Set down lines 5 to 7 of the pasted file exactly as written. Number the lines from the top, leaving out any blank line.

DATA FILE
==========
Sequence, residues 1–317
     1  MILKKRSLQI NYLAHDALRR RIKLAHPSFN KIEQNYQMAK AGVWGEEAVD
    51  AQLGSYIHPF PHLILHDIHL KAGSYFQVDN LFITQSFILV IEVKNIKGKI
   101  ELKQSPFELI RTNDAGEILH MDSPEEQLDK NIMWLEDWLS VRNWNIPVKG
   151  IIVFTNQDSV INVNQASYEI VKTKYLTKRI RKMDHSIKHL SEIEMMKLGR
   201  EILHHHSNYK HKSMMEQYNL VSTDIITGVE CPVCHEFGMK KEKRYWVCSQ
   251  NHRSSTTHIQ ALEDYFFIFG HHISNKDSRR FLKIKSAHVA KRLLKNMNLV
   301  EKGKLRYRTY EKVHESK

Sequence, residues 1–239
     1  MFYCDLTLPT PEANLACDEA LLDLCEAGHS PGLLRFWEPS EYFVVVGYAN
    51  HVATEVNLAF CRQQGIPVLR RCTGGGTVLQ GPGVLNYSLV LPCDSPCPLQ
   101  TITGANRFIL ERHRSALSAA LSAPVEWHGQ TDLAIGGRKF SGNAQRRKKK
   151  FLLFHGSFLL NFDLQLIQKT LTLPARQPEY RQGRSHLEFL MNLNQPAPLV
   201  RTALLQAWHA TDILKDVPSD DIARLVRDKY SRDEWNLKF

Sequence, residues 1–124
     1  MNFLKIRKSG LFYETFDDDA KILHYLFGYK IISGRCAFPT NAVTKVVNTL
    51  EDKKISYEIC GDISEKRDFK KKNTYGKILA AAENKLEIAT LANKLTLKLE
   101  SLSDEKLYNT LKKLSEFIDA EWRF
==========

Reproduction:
   151  IIVFTNQDSV INVNQASYEI VKTKYLTKRI RKMDHSIKHL SEIEMMKLGR
   201  EILHHHSNYK HKSMMEQYNL VSTDIITGVE CPVCHEFGMK KEKRYWVCSQ
   251  NHRSSTTHIQ ALEDYFFIFG HHISNKDSRR FLKIKSAHVA KRLLKNMNLV